In this class, you'll explore radical political movements in the complex transnational space between Ireland and its massive diaspora, from the Great Famine to the Irish Revolution. Focusing on a set number of individual lives, you'll examine how Irish emigrants connected with their homeland and with other centres of Irish settlement, and mobilised in movements for social reform and national independence. You'll investigate the roles of class, gender and generation in political mobilisation, and identify how Irish nationalism connected with international reform movements of the era, including socialism, feminism and humanitarianism.
Work Placement in History
This class offers students the opportunity to spend eight weeks in a placement of their choice with museums, archives, historical associations and healthcare providers (only for students registered with the MSc in Health History) in Glasgow.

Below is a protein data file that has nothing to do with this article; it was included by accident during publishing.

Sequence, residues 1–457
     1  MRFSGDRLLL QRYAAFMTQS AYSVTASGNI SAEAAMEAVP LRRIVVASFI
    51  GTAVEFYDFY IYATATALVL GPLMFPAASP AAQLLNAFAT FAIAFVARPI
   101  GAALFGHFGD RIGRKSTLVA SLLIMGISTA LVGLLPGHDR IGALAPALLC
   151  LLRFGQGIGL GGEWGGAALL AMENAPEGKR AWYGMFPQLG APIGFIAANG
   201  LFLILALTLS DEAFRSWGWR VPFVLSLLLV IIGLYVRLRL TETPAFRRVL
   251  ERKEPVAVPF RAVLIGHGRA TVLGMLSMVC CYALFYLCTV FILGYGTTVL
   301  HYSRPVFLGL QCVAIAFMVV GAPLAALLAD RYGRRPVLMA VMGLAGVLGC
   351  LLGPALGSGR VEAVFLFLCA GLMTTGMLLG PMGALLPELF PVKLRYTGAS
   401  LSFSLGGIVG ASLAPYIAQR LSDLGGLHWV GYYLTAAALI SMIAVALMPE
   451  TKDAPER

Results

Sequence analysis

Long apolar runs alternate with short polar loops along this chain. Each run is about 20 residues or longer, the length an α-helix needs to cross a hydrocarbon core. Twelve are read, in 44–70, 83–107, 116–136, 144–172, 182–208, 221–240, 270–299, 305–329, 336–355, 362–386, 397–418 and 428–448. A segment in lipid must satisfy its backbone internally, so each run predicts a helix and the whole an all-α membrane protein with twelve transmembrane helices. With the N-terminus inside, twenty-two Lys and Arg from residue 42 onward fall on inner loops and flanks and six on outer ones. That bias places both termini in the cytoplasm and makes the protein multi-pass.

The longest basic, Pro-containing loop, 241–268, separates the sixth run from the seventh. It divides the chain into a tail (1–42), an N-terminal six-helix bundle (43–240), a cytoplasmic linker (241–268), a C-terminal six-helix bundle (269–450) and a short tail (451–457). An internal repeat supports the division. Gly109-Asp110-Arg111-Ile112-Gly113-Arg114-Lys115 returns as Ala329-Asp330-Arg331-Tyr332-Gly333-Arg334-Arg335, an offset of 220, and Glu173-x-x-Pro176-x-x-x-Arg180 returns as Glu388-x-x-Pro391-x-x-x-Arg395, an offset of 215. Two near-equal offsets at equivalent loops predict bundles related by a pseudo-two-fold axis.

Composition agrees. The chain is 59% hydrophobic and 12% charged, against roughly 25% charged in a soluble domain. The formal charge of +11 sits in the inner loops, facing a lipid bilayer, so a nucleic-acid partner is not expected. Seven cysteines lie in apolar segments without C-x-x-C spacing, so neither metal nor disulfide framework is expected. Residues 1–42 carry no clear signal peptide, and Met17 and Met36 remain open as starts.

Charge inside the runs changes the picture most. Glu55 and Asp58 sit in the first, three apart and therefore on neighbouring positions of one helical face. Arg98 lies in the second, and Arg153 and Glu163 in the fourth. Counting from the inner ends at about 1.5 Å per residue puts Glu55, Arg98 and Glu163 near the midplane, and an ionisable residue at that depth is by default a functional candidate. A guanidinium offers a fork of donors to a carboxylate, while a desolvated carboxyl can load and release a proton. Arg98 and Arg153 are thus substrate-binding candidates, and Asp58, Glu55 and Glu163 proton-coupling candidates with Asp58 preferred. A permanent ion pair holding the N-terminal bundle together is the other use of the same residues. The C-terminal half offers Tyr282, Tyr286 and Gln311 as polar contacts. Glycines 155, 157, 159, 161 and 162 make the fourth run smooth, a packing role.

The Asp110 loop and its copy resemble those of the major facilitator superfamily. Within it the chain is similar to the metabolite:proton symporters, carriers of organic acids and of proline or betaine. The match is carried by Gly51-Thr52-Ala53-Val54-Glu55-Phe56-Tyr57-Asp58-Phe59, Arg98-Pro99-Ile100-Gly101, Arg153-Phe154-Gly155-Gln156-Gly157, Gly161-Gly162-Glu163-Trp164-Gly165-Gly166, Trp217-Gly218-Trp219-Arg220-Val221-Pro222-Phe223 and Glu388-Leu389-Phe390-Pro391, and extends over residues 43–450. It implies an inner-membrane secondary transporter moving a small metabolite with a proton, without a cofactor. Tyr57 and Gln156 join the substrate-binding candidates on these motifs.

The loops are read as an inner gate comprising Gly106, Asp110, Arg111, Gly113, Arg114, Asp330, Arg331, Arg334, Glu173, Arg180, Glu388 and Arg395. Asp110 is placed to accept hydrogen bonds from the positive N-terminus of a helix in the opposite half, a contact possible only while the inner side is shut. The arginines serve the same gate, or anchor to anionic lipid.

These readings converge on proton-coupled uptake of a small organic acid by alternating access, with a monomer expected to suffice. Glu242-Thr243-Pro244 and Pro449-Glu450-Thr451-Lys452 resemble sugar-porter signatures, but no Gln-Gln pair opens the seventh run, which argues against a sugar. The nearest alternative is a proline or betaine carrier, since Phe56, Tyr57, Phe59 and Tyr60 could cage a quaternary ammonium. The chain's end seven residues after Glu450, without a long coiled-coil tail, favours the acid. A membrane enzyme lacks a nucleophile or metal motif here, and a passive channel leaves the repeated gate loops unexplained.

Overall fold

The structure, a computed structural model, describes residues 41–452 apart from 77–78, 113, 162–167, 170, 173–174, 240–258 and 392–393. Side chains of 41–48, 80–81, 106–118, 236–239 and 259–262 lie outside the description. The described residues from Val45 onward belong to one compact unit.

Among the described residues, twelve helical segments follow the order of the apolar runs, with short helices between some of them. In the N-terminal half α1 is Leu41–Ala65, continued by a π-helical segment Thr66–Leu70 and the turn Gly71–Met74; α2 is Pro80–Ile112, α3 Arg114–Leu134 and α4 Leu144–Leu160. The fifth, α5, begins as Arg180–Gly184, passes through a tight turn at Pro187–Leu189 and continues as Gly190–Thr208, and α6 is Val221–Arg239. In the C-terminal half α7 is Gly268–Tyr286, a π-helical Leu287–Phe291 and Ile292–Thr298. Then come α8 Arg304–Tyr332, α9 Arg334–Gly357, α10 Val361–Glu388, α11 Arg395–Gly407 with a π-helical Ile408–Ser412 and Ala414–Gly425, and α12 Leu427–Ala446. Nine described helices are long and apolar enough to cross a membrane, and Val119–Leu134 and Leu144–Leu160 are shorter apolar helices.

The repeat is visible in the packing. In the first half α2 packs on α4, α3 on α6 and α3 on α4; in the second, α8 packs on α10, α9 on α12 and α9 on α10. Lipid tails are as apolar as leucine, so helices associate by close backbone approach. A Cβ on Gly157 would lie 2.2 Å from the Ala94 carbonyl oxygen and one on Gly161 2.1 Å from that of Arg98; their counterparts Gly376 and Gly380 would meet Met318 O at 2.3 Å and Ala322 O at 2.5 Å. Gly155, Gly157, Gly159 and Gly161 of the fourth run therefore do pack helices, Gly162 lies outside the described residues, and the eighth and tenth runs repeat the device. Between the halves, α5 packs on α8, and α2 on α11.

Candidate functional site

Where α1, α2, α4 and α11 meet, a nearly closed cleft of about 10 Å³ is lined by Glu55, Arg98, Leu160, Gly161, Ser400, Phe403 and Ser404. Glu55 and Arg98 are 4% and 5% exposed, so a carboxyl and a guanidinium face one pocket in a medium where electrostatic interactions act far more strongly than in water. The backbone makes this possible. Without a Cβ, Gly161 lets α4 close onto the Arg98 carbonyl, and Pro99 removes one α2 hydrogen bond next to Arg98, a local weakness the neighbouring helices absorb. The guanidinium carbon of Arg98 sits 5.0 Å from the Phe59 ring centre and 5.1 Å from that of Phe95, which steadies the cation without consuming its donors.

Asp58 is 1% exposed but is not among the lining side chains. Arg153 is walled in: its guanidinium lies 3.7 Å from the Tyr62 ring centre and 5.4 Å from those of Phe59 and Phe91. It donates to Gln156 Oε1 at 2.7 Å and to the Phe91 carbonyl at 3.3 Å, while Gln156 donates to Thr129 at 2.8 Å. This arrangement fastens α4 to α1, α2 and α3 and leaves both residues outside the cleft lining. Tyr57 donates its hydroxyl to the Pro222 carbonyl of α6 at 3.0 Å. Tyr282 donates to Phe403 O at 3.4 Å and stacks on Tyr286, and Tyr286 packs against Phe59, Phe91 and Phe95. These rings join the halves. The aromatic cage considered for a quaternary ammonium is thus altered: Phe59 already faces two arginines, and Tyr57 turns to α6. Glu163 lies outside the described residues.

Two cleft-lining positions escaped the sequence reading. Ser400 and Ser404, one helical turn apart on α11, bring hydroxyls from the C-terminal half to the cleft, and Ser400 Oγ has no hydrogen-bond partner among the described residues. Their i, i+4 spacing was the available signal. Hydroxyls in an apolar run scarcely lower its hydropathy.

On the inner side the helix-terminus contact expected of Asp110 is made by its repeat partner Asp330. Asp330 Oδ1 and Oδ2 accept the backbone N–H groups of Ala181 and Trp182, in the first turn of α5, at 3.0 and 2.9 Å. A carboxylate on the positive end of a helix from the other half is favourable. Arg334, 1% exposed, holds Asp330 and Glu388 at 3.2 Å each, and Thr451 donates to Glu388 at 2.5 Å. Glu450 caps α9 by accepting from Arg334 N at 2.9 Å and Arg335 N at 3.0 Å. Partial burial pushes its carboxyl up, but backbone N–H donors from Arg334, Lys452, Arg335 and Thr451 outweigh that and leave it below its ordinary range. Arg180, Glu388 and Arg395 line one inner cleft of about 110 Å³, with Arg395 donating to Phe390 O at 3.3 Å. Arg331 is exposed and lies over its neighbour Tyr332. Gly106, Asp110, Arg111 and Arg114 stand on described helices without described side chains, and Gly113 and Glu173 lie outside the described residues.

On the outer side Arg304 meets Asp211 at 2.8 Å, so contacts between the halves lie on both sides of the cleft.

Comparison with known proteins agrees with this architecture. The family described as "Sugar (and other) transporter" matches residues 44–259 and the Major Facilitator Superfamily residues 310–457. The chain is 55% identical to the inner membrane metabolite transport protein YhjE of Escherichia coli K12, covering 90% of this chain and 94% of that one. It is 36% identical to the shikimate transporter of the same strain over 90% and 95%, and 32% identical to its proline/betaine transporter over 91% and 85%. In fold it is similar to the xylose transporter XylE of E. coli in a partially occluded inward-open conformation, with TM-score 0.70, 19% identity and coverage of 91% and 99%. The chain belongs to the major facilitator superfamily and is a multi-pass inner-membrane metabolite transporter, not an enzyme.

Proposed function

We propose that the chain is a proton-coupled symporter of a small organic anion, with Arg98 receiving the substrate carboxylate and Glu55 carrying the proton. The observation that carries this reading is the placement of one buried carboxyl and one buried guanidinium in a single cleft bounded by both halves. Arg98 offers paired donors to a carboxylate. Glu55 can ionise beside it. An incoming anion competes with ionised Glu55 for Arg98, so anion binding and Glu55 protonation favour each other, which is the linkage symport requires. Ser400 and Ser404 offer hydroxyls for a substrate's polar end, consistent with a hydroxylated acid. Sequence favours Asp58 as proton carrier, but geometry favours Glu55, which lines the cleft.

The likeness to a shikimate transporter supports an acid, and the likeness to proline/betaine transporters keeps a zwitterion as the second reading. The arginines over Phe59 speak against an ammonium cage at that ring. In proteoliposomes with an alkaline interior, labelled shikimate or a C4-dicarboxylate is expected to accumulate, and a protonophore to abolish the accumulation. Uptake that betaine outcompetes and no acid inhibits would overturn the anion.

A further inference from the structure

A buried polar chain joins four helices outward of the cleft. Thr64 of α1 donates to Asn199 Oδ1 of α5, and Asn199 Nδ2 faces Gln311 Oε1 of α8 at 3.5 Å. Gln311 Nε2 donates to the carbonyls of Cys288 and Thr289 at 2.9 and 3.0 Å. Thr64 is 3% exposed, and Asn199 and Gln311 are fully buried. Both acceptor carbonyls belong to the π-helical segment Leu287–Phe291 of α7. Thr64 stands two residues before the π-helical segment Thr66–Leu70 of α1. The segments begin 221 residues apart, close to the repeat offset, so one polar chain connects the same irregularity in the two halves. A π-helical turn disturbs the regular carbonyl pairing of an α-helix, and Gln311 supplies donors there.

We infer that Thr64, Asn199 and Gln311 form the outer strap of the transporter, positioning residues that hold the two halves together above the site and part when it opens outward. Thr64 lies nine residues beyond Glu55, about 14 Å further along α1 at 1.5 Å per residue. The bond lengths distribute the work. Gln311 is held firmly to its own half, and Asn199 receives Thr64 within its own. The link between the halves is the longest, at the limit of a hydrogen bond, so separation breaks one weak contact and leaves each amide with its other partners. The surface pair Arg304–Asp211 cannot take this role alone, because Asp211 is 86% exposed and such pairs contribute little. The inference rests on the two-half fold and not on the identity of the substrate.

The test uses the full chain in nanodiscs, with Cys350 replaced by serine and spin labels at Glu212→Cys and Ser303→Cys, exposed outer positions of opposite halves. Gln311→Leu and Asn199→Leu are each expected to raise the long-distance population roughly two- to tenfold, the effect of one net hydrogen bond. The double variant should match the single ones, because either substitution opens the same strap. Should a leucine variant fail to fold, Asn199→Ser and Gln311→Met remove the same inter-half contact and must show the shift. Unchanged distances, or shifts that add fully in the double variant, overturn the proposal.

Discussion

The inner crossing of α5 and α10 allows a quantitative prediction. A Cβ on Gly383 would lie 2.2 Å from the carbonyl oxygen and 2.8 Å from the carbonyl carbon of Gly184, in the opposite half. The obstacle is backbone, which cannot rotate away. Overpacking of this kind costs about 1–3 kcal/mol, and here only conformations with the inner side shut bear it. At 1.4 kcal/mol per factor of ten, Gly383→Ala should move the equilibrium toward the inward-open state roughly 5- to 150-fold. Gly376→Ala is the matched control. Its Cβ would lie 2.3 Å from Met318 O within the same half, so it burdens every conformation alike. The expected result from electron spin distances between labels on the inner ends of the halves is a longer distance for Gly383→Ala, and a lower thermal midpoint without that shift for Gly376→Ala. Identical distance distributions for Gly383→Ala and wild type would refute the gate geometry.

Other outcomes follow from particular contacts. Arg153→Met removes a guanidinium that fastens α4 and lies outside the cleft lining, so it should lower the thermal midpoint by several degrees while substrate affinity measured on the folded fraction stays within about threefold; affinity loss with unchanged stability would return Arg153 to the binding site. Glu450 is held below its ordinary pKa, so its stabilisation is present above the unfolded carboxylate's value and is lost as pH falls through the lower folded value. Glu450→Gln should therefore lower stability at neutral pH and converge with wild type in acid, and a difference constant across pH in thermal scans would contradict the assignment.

This module aims to provide students with an insight into the day-to-day workings of an organisation, in order to develop history-specific vocational skills and promote reflection on employability and also on the issues involved in disseminating history outside academia.
The module provides a vocational component to the History postgraduate taught portfolio, and aligns with similar provisions planned by the School of Humanities.
It may be of particular interest to those MA students not planning to pursue a PhD after their studies. Students will be asked to complete a small project or piece of research for their host and to write a reflective essay on their experience.